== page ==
Byline: Heather Ippolito, California State PTA Vice President for Family Engagement
At schools all over the country, educators and community members are working to build stronger connections between families and schools. We already shared some takeaways from the keynote speakers at the Family Engagement Summit. Here are some ideas and best practices to share with other PTA leaders and school and district administrators.
Moving from Involvement to Engagement
The Virginia Beach Schools Office of Family Engagement spoke about moving from involvement to engagement. Involvement is doing things to reach families (calls, emails, telling parents what to do) while engagement is doing things with families (partnering, including families in decision-making and treating them as partners).
Virginia Beach has a districtwide Family Empowerment Group that serves as a safe space for families to share things that are happening in the district, and to work together to advocate for change. Local PTAs might consider advocating for this in your schools — a place to begin two-way communication and work together to solve key issues facing our families.
Getting Advice from the Experts
A digital citizenship webinar hosted by CommonSense shared tools to help schools engage families in the digital citizenship conversation. Steps include planning, implementing, and evaluating the program. Their website is full of resources, all by grade level, that could be helpful to include in a STEAM event or in a PTA newsletter. (For more about these resources see the recent blog on our website.)
The National Parent Leadership Institute has been working with the Merced School District and a non-profit called Valley Onward for several years. The inspiring thing about this partnership is that the entire community is working together to support families. The schools and the extended community all know what an asset they are to our families and have rallied around them — this could be replicated in your area using our School Smarts program.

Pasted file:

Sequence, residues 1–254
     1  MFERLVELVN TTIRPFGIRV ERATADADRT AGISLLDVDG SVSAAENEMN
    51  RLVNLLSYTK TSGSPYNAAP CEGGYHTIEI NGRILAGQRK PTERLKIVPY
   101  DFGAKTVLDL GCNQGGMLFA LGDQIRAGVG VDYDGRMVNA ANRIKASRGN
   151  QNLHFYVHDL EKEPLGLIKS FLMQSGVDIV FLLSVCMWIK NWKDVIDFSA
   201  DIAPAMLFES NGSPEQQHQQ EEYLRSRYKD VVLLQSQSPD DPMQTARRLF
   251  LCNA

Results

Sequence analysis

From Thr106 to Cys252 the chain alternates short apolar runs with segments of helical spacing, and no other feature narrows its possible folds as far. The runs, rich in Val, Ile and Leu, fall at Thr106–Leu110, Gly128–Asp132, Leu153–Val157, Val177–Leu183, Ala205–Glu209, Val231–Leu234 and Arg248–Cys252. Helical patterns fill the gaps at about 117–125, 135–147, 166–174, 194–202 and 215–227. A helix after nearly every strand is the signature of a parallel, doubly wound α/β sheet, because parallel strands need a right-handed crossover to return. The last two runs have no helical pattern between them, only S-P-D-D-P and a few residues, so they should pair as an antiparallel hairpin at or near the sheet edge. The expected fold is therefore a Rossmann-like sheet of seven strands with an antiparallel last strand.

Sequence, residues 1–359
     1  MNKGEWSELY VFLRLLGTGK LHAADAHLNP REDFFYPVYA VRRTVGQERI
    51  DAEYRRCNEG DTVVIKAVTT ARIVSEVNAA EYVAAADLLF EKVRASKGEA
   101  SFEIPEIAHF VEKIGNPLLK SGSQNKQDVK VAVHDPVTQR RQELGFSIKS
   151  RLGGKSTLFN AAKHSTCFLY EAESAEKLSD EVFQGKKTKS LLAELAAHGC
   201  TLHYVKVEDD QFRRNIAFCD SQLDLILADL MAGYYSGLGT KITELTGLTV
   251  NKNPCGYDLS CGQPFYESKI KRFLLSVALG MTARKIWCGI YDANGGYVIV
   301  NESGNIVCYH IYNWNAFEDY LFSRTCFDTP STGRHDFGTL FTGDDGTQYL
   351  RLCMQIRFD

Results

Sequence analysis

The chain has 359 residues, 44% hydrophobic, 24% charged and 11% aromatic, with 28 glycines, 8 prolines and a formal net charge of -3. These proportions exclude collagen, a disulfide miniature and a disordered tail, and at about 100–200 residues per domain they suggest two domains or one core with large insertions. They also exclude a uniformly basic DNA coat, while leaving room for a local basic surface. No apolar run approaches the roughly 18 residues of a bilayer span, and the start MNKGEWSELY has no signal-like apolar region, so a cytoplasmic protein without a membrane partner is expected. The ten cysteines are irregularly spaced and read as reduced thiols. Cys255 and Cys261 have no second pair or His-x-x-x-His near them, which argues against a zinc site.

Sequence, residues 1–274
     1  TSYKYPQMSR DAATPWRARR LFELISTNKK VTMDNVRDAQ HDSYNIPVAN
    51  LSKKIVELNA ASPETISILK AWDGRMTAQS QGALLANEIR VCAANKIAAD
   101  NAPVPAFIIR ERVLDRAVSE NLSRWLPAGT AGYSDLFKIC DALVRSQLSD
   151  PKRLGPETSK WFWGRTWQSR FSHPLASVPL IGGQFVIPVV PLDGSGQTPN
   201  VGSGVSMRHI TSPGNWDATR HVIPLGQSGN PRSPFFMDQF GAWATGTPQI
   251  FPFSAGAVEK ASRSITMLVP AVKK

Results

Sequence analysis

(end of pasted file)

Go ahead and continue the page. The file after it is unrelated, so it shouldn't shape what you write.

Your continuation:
Thinking Out of the Box
Lisa Elliott, Superintendent of the Greenfield School District in Wisconsin shared best practices for engaging families — including some out-of-the-box things. Greenfield has a district team of Family Engagement Champions that set yearly goals for family engagement. The team is made up of parents, teachers, and administrators who keep the family engagement agenda moving forward.
They begin engaging their school district families at birth — mailing a bib, book, and information on early learning to the home of every child born into their district boundaries. The district also has playgroups for children aged 0-3 called Play to Learn. They meet at the library, district office, and at school sites to help families build connections with the schools and community. Finally, they have a senior tax credit program. Seniors on social security can get up to a $500 tax credit by working in the schools as volunteers. They earn $6.50 per hour when they work and the program is paid for by the district. They match the seniors up with their talents — library helpers, classroom volunteers, yard duties, etc. They have said that for the financial investment they make (last year it was around $14,000) they have seen incalculable gains (especially when they need community support for educational issues).
Listening to Parent Voices
Ari Gerzon-Kessler from Colorado spoke about recognizing the disconnect regarding family engagement. While planning a family night, he realized he didn’t have families in the room. To correct this lack of engagement the district formed groups of parents, students, educators, and administrators at each school. Families and Educators Together (FET). The group meetings consist of 90-minutes of listening to parent voices — administrators were tasked with investigating issues that come up during the listening sessions and then problem-solving with the team. They have found these groups to be very impactful (especially for administrators who listen to solutions from educational partners, like the students and parents).
Focusing on a Key Subject – Math
Building a family math learning community including parents, district leaders, and non-profit groups is a project in a Massachusetts community. They shared that early math skills are a predictor of graduation and that parent attitudes toward math matter for student success. They began having playgroups at churches, libraries, laundromats, and other places in the community to help educate families by sharing easy things they can do to increase math skills and vocabulary at home. Their website is full of math games, videos and resources for families to encourage early math literacy.
Learning from Each Other
The programs and practices presented above are things that PTA Leaders can learn from. These are examples of why family engagement is essential to the success of our schools and hopefully they provide practical ideas for your communities.
Please share your family engagement ideas with us using this simple form.